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In The Hills In The Hills 2018-05

Fuscospora truncata < Species index > Gahnia setifolia

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This article was first published in the Tararua Tramper Volume 90, # 4, May 2018

May in the hills with Michele Dickson and Chris Horne

Gahnia pauciflora, māpere, cutting sedge

Mapere.jpg: 1086x1621, 190k (2018 May 07 09:24)
Gahnia pauciflora, māpere, cutting sedge;
Photo: Jeremy Rolfe

Many trampers have suffered cuts on their legs and hands after pushing past this sedge whose leaves have sharp edges. In form, it looks a little like the large grasses e.g., toetoe and introduced pampas, but the culms/stems are so different that you can identify it at a glance. For differences between sedges and grasses, see also the sedge Carex uncinata in the June 2012 In the Hills.

There are six species in the Gahnia genus in NZ, all of them endemic. They are among the largest sedges in NZ. In the Wellington area, the two species you are most likely to see are G. pauciflora and G. setifolia, which will be described in June. Gahnia species are host and food plants for the rare forest ringlet butterfly (Dodonidia helmsii). When chewed gently, the dark-coloured nuts have a raspberry-like or vanilla flavour, depending on perception.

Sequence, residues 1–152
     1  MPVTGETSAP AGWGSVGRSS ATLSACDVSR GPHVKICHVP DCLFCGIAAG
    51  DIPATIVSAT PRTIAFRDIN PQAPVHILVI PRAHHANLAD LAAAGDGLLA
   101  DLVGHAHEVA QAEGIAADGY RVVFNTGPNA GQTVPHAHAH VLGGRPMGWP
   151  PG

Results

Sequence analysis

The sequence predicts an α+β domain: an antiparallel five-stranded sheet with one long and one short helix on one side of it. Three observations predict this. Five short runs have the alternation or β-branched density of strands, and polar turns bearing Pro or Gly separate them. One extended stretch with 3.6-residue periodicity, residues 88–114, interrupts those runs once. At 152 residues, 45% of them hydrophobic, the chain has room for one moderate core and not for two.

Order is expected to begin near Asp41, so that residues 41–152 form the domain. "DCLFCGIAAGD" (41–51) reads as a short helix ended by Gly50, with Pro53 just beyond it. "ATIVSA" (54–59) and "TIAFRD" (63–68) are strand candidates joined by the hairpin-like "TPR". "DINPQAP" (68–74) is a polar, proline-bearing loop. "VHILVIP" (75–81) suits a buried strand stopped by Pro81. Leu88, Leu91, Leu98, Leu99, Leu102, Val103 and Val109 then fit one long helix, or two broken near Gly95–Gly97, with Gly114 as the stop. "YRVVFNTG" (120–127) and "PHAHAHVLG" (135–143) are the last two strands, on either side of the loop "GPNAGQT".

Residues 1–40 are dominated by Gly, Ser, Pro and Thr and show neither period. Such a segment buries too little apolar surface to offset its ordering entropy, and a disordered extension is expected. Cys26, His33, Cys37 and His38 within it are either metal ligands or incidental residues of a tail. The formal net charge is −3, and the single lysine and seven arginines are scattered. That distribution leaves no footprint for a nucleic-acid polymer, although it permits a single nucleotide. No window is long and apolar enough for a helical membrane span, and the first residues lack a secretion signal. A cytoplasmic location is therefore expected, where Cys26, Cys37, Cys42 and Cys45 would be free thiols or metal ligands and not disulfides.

Origin of the names

Gahnia is named after Swedish botanist, Henric Gahn (1747-1816); pauciflora means few-flowered. Distribution and habitat Māpere is present in Te Ika a Māui/North Island and in Marlborough and Nelson in Te Waipounamu/South Island. It likes clay and grows usually in forest or shrub land from sea level to 750 m.

Growth habit

G. paucifolia forms loosely tufted clumps up to about 90 cm high, which arise from short rhizomes. The long thin leaves, with rough cutting edges narrow to a thin point. Culms/stems rise well above the clumps of leaves, up to 120 cm, with few branches. They bear reddish-brown panicles/flowering stalks, which initially rise up at an angle from the clump, then droop with maturity. These can remain for up to two years. The plants are bright-green perennials.


Māpere flowers from December to January. Insignificant tiny flowers with both male and female parts, only some of which are fertile, each bear one fruit which becomes a very hard nut enclosed by a dark brown chaffy covering. The nut is a hard outer coating fused with the seed. Nuts are spindle-shaped, often grooved, sub-triangular in the middle and range in size from 5.5-7 mm long x 2-3 mm wide. The colour changes from an immature yellow-cream to a mature brownish-orange with a dark black tip always present.


We have been unable to find any rongoā/medicinal or other uses of Gahnia pauciflora. If you know of any, please tell us.

Where to find māpere

Look for it in the Aorangi, Remutaka and Tararua ranges, and the Eastbourne and Eastern Hutt hills, particularly in places with light overhead cover.

Botany 2018

In The Hills 2018-04 < Index chronological > In The Hills 2018-06

Page last modified on 2018 Aug 29 08:53

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